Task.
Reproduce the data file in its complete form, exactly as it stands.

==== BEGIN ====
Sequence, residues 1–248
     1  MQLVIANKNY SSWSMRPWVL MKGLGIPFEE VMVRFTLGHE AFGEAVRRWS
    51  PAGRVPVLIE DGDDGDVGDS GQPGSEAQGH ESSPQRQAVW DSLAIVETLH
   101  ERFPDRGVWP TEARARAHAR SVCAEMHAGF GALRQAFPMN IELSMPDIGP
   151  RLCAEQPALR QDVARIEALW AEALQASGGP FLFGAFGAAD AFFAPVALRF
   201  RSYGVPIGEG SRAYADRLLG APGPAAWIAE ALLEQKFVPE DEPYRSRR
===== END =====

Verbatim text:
Sequence, residues 1–248
     1  MQLVIANKNY SSWSMRPWVL MKGLGIPFEE VMVRFTLGHE AFGEAVRRWS
    51  PAGRVPVLIE DGDDGDVGDS GQPGSEAQGH ESSPQRQAVW DSLAIVETLH
   101  ERFPDRGVWP TEARARAHAR SVCAEMHAGF GALRQAFPMN IELSMPDIGP
   151  RLCAEQPALR QDVARIEALW AEALQASGGP FLFGAFGAAD AFFAPVALRF
   201  RSYGVPIGEG SRAYADRLLG APGPAAWIAE ALLEQKFVPE DEPYRSRR